Did Neandertals have language?

Fast-accumulating data seem to indicate that our close cousins, the Neandertals, were much more similar to us than imagined even a decade ago.

But did they have anything like modern speech and language? And if so, what are the implications for understanding present-day linguistic diversity? The MPI for Psycholinguistics researchers Dan Dediu and Stephen C. Levinson argue in their paper in Frontiers in Language Sciences that modern language and speech can be traced back to the last common ancestor we shared with the Neandertals roughly half a million years ago.

The Neandertals have fascinated both the academic world and the general public ever since their discovery almost 200 years ago. Initially thought to be subhuman brutes incapable of anything but the most primitive of grunts, they were a successful form of humanity inhabiting vast swathes of western Eurasia for several hundreds of thousands of years, during harsh ages and milder interglacial periods. We knew that they were our closest cousins, sharing a common ancestor with us around half a million years ago (probably Homo heidelbergensis), but it was unclear what their cognitive capacities were like, or why modern humans succeeded in replacing them after thousands of years of cohabitation. Recently, due to new palaeoanthropological and archaeological discoveries and the reassessment of older data, but especially to the availability of ancient DNA, we have started to realise that their fate was much more intertwined with ours and that, far from being slow brutes, their cognitive capacities and culture were comparable to ours.

Dediu and Levinson review all these strands of literature and argue that essentially modern language and speech are an ancient feature of our lineage dating back at least to the most recent ancestor we shared with the Neandertals and the Denisovans (another form of humanity known mostly from their genome). Their interpretation of the intrinsically ambiguous and scant evidence goes against the scenario usually assumed by most language scientists, namely that of a sudden and recent emergence of modernity, presumably due to a single – or very few – genetic mutations. This pushes back the origins of modern language by a factor of 10 from the often-cited 50 or so thousand years, to around a million years ago – somewhere between the origins of our genus, Homo, some 1.8 million years ago, and the emergence of Homo heidelbergensis. This reassessment of the evidence goes against a saltationist scenario where a single catastrophic mutation in a single individual would suddenly give rise to language, and suggests that a gradual accumulation of biological and cultural innovations is much more plausible.

Interestingly, given that we know from the archaeological record and recent genetic data that the modern humans spreading out of Africa interacted both genetically and culturally with the Neandertals and Denisovans, then just as our bodies carry around some of their genes, maybe our languages preserve traces of their languages too. This would mean that at least some of the observed linguistic diversity is due to these ancient encounters, an idea testable by comparing the structural properties of the African and non-African languages, and by detailed computer simulations of language spread.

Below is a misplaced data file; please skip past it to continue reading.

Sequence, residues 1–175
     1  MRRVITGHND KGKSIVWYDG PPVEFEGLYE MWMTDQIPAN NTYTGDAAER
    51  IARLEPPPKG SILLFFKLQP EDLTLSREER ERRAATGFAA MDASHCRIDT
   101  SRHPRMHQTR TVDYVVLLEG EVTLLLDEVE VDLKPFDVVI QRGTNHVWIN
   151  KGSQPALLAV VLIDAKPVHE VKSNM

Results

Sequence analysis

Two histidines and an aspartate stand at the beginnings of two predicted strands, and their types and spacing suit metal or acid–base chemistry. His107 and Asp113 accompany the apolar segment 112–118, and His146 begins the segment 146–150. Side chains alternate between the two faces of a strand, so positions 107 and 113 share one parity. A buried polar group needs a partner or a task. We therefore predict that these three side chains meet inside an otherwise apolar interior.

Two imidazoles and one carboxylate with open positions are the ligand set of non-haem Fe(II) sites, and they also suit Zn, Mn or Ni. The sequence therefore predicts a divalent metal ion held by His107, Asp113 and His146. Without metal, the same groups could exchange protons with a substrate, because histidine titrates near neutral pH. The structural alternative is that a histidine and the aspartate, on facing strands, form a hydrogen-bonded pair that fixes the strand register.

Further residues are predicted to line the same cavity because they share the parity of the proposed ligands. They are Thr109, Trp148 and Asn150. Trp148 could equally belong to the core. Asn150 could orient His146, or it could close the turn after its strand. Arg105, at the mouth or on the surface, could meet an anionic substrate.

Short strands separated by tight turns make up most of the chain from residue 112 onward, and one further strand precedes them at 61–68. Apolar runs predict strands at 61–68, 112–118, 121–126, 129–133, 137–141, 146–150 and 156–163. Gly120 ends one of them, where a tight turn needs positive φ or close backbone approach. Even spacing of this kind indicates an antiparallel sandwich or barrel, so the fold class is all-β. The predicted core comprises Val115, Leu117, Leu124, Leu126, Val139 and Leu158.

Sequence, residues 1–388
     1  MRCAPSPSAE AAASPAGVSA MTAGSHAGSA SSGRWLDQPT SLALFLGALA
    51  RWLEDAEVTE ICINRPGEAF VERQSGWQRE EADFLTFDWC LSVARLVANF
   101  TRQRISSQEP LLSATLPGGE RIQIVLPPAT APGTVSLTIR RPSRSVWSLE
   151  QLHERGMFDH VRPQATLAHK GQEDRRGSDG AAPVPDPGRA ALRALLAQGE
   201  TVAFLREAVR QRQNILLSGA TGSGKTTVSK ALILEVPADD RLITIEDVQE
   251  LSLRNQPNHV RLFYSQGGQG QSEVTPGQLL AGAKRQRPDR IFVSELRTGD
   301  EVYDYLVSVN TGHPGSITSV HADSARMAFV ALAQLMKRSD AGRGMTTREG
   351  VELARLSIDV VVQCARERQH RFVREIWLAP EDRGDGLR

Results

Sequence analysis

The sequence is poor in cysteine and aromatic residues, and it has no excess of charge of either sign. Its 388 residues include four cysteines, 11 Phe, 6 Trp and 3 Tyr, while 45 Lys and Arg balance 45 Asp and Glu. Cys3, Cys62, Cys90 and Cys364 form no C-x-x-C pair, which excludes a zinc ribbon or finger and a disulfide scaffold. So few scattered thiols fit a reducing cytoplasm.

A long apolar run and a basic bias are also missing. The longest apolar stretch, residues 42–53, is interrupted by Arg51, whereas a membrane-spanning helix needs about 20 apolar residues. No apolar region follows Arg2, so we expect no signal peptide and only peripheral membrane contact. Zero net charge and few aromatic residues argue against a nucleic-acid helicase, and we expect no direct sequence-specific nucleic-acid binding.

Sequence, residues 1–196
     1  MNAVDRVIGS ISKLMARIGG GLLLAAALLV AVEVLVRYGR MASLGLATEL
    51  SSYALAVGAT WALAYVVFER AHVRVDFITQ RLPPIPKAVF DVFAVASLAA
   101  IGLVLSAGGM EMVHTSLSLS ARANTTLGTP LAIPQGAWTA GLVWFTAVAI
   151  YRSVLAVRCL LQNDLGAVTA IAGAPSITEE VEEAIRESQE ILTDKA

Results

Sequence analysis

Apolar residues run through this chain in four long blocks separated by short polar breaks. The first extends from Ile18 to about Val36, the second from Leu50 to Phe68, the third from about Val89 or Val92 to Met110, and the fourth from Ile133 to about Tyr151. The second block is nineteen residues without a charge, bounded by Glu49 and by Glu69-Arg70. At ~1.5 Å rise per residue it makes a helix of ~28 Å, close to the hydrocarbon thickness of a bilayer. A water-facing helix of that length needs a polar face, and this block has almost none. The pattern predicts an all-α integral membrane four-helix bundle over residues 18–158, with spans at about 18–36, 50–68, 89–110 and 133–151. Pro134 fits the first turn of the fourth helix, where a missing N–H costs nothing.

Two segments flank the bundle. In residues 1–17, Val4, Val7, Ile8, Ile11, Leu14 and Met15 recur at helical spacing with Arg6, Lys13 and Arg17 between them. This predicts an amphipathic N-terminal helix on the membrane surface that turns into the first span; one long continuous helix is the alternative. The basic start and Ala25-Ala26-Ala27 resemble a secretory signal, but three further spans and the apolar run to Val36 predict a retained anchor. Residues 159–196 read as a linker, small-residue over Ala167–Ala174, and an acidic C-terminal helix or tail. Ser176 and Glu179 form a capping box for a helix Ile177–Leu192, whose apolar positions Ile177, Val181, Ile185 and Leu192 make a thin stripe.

Contributing Source : MPG

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  • Jerzy Kijewski

    were not human, were hominid-scavengers and had twice bigger skulls than ours. Professor
    Chris Stringer and other prominent anthropologists distorting human evolution,
    to support dubious “out of Africa” theory, of the emergence of Homo sapiens
    species about 200,000 years ago in Africa. Prominent anthropologists create
    myths that the neanderthals were intelligent humans who were able to fabricate
    composite tools, made and wore clothing, were skilled hunters of large animals,
    and throwing spears with stone tip glued (!) to the shaft. And playing flutes.
    They don’t say that Neanderthals had more than twice bigger skulls than ours,
    but say, that they were extremely similar to humans!
    Neanderthals were not human but wild animals, hominids living exclusively at
    the level of instinct. Looked extremely different to humans, had more tan twice
    bigger heads than ours, had enormous elongated“monkey” mid-faces, heavy brow ridges, receding foreheads. They didn’t
    hunt big game and were scavengers. Did’t fabricate composite tools, did not
    know the clothes and walked naked. And never play flutes. Although Neanderthals
    looked extremely different to humans, Professor Chris Stringer says untruth:
    “Neanderthals looked extremely similar to humans but did not have chins.
    If you shaved and dressed a Neanderthal and put them on the New York subway, no
    one would be able to tell the difference between us and them”,, head
    of human origins at the Natural History Museum in London.

  • PaleoGuest

    Jerzy Kijewski
    How do you explain the pronounced or significanly enlarged vulva on the ivory figurine? Would that not signify an act of forethought or preoccupation  regarding the female anatomy similar to that of modern prepubescent and pubescent young men?